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The influences of number of syllables and wordlikeness on children’s repetition of nonwords

Published online by Cambridge University Press:  28 November 2008

Susan E. Gathercole
Affiliation:
Lancaster University
Cath Willis
Affiliation:
Lancaster University
Hazel Emslie
Affiliation:
MRC Applied Psychology Unit, Cambridge, England
Alan D. Baddeley
Affiliation:
MRC Applied Psychology Unit, Cambridge, England

Abstract

It has recently been suggested that the developmental association between nonword repetition performance and vocabulary knowledge reflects the contribution of phonological memory processes to vocabulary acquisition (e.g., Gathercole & Baddeley, 1989). An alternative account of the association is that the child uses existing vocabulary knowledge to support memory for nonwords. The present article tests between these two alternative accounts by evaluating the role of phonological memory and linguistic factors in nonword repetition. In a longitudinal database, repetition accuracy in 4-, 5-, and 6-year-olds was found to be sensitive to two independent factors: a phonological memory factor, nonword length, and a linguistic factor, wordlikeness. To explain these combined influences, it is suggested that repeating nonwords involves temporary phonological memory storage which may be supported by either a specific lexical analogy or by an appropriate abstract phonological frame generated from structurally similar vocabulary items.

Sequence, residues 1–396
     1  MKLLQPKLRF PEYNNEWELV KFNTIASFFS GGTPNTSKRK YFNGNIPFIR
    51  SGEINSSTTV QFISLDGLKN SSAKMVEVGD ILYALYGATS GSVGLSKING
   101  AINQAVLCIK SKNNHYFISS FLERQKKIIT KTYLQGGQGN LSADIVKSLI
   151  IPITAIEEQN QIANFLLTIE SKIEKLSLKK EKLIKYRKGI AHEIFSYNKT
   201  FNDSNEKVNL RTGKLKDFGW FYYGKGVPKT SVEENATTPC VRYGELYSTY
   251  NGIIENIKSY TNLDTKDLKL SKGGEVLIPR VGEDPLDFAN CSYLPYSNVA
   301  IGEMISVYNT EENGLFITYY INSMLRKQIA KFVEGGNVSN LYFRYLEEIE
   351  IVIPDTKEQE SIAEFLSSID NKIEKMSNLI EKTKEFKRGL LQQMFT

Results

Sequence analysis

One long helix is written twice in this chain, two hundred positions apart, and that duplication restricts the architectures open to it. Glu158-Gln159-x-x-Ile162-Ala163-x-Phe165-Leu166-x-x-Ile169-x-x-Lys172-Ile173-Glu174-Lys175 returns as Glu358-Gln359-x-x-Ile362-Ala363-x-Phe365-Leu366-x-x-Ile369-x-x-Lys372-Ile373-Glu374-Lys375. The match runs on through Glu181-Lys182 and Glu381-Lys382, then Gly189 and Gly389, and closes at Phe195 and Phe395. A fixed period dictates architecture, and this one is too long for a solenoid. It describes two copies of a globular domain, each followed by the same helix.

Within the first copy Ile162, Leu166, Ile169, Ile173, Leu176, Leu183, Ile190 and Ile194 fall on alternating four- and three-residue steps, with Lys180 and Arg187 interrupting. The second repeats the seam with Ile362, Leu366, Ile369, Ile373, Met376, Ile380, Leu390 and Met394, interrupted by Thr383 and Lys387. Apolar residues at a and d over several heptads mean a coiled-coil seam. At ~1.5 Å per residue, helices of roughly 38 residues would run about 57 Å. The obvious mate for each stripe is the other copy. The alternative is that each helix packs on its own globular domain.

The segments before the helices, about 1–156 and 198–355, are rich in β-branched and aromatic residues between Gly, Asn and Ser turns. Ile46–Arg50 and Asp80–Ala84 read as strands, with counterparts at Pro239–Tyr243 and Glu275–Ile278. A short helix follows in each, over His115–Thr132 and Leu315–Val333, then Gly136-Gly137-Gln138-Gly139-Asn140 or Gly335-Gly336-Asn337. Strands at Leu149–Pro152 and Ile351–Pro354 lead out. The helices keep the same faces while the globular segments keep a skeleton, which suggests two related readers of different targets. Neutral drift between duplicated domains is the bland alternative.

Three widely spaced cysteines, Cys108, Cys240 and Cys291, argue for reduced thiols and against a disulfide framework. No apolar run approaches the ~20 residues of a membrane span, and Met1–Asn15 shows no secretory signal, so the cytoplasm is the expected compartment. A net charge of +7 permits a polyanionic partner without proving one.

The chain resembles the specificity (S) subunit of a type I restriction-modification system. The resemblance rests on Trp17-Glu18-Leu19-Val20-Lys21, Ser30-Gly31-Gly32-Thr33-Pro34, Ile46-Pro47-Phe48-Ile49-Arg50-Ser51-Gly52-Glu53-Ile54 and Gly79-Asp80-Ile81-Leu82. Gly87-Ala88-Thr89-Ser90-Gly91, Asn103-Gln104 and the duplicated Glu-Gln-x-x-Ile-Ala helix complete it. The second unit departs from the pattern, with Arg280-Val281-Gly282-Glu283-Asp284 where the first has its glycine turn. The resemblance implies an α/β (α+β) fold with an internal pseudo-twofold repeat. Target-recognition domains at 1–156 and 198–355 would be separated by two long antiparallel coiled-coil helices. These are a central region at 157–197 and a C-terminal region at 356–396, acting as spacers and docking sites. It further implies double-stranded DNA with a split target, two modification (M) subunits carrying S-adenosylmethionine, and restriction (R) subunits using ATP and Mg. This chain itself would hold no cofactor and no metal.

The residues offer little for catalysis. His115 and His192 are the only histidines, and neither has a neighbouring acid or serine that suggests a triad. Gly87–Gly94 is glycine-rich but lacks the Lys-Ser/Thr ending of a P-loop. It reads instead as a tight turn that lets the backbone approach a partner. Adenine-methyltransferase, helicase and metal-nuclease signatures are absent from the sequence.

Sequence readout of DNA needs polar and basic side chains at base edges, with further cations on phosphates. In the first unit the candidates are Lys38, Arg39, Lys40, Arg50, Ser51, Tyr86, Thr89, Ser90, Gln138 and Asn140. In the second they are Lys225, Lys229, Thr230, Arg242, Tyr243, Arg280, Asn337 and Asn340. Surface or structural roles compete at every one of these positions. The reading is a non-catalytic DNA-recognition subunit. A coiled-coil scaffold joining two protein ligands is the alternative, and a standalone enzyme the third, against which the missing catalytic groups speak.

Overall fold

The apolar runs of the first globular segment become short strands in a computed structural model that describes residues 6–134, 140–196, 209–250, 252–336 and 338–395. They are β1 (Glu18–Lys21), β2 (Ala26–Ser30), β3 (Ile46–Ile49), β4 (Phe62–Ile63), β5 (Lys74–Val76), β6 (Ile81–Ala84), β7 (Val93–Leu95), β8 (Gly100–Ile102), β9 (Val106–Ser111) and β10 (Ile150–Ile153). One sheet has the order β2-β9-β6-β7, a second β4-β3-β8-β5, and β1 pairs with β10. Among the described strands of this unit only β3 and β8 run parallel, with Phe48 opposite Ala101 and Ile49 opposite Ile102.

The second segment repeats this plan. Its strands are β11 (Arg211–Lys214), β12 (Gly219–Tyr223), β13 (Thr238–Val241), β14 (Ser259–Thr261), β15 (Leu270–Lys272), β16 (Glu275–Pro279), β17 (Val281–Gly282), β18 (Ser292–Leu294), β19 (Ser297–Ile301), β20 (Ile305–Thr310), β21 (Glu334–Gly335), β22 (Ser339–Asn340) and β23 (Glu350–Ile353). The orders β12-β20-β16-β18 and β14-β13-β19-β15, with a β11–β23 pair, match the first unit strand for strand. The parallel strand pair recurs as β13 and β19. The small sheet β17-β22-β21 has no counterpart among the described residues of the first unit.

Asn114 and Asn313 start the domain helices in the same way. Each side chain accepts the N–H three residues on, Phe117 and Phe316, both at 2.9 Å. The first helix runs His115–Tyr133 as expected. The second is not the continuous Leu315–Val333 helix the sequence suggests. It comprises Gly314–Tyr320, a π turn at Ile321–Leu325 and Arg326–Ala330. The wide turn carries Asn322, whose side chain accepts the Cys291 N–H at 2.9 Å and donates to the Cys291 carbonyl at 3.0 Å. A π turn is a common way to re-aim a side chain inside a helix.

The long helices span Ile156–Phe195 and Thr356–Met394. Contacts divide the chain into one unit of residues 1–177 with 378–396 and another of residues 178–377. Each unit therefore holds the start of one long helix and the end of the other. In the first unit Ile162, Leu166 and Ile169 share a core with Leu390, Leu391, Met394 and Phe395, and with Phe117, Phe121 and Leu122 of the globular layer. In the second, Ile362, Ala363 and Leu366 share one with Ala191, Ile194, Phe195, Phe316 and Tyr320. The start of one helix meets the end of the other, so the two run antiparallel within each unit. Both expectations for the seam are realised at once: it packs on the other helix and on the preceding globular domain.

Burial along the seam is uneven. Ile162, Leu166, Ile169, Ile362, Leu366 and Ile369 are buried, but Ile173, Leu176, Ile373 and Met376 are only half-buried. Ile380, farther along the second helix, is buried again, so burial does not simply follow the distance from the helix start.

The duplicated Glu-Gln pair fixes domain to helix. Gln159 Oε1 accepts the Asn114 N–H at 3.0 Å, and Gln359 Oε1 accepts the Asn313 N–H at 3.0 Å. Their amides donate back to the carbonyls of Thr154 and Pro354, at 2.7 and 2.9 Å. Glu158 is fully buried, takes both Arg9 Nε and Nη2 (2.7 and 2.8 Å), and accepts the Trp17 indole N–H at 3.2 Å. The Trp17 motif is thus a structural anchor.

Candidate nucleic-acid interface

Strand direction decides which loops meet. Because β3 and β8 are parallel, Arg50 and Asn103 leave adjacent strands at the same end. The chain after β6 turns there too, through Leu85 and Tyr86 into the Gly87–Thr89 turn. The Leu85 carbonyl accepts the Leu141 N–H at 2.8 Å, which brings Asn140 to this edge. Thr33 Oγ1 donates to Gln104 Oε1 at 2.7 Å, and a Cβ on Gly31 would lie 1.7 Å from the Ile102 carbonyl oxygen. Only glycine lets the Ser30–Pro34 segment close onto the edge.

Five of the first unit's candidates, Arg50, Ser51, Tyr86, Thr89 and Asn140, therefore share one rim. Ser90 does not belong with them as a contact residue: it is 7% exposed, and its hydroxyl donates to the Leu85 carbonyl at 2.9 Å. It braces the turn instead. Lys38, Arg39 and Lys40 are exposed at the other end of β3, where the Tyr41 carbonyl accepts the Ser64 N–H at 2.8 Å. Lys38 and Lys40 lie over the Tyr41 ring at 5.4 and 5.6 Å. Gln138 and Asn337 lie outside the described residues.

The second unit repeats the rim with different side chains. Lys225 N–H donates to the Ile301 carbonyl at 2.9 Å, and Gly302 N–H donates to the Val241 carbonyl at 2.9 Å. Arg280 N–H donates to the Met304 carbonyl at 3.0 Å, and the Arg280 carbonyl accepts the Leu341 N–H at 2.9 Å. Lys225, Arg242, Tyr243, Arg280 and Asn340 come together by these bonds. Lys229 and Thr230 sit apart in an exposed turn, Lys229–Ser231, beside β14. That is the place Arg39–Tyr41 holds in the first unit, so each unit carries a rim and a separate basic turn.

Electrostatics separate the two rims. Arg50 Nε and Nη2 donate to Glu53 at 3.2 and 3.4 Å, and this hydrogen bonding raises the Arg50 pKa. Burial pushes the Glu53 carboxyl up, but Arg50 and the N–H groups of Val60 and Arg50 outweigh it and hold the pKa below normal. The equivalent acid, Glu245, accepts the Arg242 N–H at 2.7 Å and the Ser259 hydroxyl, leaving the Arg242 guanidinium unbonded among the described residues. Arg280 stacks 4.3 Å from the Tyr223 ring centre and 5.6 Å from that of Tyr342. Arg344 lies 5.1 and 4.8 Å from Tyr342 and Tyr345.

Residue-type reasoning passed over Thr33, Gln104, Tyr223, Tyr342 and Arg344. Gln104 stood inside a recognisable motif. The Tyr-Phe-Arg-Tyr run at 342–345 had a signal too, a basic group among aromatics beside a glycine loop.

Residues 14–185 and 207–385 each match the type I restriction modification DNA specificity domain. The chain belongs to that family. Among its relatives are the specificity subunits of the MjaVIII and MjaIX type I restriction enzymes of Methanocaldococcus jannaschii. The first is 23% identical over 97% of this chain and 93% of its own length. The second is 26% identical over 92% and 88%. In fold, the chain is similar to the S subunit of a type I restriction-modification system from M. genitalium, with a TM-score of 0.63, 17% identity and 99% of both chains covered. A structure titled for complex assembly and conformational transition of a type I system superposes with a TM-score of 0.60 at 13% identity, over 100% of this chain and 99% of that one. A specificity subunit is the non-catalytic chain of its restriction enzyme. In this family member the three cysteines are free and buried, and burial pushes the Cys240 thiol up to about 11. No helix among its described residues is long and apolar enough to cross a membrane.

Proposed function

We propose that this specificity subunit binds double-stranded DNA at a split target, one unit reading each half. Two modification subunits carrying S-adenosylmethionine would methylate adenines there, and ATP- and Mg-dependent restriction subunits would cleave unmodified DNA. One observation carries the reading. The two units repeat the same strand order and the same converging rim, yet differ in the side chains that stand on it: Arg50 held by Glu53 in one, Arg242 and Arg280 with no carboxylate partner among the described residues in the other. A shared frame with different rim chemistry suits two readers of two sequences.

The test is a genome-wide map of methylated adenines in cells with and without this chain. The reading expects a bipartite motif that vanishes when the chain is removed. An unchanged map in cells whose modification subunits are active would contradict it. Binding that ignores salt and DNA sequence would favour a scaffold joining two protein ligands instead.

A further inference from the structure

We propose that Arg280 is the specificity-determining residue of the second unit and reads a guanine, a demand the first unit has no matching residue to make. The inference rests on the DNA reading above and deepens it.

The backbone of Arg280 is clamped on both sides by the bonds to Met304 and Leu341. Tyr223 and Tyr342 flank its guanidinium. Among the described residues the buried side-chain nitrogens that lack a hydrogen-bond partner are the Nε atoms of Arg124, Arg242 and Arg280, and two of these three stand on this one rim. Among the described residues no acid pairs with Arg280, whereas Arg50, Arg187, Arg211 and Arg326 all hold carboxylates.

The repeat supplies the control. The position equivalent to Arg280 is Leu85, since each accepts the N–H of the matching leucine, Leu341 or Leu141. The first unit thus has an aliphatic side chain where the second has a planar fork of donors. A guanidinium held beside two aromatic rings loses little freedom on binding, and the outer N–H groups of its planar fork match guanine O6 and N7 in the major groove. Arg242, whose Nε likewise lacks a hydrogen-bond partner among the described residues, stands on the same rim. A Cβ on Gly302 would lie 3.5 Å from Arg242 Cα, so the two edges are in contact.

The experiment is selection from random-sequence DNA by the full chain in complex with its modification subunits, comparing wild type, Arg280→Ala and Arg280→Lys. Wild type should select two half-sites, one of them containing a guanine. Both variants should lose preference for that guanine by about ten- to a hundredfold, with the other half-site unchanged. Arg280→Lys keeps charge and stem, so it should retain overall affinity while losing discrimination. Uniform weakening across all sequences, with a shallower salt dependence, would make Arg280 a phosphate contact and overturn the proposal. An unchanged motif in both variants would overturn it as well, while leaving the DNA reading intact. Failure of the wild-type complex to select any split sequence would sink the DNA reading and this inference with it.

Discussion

Type
Articles
Copyright
Copyright © Cambridge University Press 1991

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